The world of outsourcing is a mysterious place anyway, full of bizarre practice, obscure (even obscurantist) jargon, and technology that is increasingly indistinguishable from magic - yet some parts of our shared folklore take this oddness to a whole new level of spookiness. Look beneath the surface and one finds a repository of strange tales of enigmatic events and curious characters that gives the Ancient Greeks a run for their money - and it's time Outsource took the plunge...
Like a huge minority of Britons I woke this morning deeply saddened by the news I had been dreading ever since the referendum on leaving the EU was announced: our four-decade-long participation in one of the most remarkable – and, perhaps, noble – political ventures in history will soon be coming to an end.
The issues and expectations of outsourcing users have changed dramatically. Ten years ago it was about scale and commercial reliability as users sought partners who could ‘guarantee’ service and delivery long-term. Now that picture has changed, as public and private sector users want partnerships that can make a real impact on both business and IT performance.
Most companies recognise outsourcing as an attractive way to efficiently complete software development projects, especially for companies that are experiencing skills gaps, time gaps or budget gaps. When this happens, outsourcing can be a viable solution - but only if the company trusts the vendor to protect proprietary code, follow through on promises, be accountable, and deliver quality work on time. But trust isn’t the only consideration when it comes to outsourcing software development.
Crisis is now an everyday occurrence, and is a risk that can be mitigated but never truly eliminated. In a world that seems to be increasingly prone to crises of every conceivable type, a recent survey from Deloitte – A Crisis of Confidence - finds a broad “vulnerability gap” between the awareness of threats and the preparations to actually handle them.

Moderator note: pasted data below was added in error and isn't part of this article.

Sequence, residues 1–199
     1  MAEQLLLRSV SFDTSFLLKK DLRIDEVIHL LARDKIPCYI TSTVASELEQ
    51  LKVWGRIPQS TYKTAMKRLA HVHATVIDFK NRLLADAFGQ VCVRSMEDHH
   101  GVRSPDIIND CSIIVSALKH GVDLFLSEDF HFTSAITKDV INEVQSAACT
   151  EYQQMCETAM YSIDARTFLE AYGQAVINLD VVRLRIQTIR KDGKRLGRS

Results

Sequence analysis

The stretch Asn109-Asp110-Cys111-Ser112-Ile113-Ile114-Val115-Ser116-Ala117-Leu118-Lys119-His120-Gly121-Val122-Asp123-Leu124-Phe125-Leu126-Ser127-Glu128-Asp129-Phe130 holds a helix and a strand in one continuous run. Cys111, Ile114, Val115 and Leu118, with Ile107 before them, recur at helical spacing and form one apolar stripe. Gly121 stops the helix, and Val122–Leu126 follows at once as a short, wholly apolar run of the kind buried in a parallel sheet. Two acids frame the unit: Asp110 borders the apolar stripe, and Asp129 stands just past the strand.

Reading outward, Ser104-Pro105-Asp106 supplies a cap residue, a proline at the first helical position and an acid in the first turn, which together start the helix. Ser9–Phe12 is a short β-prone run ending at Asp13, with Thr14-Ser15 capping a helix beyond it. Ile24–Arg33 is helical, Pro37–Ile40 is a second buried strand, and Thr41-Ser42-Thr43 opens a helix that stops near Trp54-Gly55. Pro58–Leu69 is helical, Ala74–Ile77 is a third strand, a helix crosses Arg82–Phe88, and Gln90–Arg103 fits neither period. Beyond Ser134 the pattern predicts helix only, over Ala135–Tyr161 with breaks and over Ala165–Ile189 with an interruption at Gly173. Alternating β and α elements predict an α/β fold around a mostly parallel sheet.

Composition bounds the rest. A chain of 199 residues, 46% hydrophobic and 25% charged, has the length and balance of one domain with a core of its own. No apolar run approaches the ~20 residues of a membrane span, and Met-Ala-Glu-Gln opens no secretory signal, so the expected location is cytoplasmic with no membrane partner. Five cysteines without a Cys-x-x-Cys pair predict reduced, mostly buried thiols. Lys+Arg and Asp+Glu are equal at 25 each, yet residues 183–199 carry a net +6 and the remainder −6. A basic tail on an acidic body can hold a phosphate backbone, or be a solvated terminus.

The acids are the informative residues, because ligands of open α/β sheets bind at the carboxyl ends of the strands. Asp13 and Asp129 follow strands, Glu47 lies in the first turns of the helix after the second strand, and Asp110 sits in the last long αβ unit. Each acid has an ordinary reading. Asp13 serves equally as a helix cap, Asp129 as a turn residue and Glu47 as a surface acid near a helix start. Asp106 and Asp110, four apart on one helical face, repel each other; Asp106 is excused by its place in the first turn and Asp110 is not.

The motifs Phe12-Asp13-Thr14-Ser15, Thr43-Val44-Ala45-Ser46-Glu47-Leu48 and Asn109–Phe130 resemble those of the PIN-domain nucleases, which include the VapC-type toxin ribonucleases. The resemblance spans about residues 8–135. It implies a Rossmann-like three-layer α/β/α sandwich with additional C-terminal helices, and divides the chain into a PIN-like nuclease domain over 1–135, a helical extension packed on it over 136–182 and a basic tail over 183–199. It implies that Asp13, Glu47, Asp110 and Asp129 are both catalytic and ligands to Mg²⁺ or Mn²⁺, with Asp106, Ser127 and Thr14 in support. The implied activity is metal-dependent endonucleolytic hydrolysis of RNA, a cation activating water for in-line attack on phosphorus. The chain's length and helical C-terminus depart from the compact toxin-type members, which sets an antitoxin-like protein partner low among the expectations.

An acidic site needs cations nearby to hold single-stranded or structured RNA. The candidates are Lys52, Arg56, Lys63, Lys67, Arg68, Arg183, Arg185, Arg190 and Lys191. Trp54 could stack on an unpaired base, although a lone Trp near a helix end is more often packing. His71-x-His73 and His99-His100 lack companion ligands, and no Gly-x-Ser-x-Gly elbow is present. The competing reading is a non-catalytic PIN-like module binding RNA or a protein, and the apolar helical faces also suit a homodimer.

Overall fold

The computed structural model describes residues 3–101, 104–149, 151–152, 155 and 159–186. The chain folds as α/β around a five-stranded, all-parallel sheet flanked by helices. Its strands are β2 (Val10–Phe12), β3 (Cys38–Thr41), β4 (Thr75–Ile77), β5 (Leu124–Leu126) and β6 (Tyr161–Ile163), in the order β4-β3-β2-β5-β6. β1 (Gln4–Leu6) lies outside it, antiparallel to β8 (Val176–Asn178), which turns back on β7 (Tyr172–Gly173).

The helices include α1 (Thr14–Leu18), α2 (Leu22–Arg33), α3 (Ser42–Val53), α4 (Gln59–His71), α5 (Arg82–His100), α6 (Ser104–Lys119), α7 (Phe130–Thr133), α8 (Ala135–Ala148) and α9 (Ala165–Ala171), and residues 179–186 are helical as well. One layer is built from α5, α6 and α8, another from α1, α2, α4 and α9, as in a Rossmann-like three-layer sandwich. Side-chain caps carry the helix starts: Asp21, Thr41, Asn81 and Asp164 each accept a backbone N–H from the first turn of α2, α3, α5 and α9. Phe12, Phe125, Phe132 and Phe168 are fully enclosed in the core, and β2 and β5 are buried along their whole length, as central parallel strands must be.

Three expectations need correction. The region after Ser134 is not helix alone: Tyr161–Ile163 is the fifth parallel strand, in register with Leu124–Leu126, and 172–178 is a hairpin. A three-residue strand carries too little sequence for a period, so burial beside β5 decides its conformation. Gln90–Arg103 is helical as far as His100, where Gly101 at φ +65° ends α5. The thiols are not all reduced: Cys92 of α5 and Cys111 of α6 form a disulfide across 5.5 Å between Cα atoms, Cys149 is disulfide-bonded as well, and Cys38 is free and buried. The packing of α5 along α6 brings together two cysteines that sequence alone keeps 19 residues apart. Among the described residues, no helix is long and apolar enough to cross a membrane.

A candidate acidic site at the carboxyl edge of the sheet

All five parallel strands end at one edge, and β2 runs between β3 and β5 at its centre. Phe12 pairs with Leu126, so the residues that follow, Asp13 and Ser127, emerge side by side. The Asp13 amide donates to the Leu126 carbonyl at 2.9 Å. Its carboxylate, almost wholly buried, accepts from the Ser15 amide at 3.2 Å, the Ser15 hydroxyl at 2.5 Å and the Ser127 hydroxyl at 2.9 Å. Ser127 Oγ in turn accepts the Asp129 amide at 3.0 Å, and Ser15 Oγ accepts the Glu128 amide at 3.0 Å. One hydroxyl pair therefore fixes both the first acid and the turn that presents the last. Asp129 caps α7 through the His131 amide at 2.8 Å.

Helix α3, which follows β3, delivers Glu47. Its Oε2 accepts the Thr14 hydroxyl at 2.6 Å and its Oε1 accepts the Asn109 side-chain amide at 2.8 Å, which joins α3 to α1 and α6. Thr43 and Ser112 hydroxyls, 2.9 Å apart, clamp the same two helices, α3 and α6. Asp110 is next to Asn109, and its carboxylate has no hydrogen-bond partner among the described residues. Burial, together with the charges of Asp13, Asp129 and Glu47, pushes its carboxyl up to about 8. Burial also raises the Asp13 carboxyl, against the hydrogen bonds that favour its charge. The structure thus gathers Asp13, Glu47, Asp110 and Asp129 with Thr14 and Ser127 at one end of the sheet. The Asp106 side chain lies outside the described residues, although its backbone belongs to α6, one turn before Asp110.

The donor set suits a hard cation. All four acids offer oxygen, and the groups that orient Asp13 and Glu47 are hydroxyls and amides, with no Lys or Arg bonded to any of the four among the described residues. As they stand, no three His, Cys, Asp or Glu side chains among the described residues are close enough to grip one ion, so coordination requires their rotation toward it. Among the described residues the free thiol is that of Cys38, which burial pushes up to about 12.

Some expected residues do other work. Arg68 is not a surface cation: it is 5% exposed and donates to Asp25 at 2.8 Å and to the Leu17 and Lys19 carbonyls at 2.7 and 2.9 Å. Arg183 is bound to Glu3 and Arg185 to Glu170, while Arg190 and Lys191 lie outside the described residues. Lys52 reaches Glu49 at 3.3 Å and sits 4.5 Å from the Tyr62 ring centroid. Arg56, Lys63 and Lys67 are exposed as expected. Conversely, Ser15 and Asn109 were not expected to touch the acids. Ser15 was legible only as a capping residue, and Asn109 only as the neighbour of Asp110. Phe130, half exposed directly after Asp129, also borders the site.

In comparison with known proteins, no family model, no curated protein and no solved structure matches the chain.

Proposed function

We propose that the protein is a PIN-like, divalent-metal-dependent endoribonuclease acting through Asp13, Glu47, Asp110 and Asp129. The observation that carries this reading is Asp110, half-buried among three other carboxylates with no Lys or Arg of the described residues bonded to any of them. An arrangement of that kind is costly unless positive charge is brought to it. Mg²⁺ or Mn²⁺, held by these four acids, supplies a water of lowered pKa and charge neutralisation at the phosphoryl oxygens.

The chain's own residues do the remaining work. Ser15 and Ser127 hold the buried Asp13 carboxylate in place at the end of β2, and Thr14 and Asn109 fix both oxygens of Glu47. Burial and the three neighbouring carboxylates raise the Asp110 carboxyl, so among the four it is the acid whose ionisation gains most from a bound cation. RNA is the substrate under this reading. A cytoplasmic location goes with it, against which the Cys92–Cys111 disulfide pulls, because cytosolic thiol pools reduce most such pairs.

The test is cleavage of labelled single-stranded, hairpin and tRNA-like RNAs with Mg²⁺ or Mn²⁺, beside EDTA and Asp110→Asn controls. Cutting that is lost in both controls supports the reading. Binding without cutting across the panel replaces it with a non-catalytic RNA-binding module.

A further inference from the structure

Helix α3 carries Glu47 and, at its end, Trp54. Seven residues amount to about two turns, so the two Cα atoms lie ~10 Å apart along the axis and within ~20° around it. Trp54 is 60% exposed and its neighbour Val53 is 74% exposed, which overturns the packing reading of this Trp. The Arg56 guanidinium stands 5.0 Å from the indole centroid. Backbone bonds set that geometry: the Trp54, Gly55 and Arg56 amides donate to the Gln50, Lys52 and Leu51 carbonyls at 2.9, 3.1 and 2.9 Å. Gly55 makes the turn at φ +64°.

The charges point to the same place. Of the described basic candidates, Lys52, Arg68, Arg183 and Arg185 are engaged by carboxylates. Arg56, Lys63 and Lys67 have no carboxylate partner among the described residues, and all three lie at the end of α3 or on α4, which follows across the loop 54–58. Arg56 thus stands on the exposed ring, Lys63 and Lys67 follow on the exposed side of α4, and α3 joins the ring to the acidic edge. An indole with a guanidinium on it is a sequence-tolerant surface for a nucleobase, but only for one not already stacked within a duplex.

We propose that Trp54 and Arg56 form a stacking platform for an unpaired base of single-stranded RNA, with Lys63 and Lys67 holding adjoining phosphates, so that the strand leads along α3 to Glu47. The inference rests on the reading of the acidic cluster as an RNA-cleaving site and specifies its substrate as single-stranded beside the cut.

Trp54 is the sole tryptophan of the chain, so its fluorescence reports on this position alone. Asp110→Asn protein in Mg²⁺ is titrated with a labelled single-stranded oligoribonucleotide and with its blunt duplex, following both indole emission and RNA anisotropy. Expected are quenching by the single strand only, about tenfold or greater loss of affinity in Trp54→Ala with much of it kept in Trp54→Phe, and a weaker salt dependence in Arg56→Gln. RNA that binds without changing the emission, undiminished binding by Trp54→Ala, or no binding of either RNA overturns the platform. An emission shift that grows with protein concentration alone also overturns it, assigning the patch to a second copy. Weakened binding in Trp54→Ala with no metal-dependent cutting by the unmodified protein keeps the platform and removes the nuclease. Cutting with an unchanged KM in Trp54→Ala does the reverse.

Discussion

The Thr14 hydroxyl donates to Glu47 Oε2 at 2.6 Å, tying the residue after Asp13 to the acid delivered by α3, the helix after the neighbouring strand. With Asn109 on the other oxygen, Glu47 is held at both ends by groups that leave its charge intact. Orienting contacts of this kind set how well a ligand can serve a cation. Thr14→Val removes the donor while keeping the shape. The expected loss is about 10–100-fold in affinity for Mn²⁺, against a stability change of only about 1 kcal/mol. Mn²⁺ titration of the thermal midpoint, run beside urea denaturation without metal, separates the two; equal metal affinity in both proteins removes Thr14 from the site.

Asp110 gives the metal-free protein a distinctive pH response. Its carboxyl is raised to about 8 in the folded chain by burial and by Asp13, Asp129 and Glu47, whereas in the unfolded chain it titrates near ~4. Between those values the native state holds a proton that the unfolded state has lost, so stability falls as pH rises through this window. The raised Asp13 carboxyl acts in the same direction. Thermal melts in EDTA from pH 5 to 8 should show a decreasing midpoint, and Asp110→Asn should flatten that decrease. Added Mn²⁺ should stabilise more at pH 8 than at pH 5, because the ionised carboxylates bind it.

Throughout the last ten years of my career as part of Capgemini’s BPO unit I have seen digital innovation transform our personal lives exponentially in terms of smartphones, streaming services and access to real-time information updates. The natural consequence is that we now expect the same level of responsiveness, quality and dynamic interaction in our professional lives as we’ve become accustomed to outside of work. This has resulted in a plethora of changes in terms of what is expected from outsourced services
To read the first part of this interview, click here.
O: With all of that in mind, what are the implications for the global business services model? Where do you sit on global business services (GBS)? Are you a fan?
The transition period of bringing a new provider into an environment is critical to the success of an outsourcing initiative. An effective transition sets the stage for a long-term partnership, while a poorly managed one can damage the relationship beyond repair. Under the best of circumstances, managing the transition is no easy task. From the client’s perspective, the fundamental challenge is to keep up with the pace of change surrounding transfer of knowledge and resources and putting infrastructure and process in place.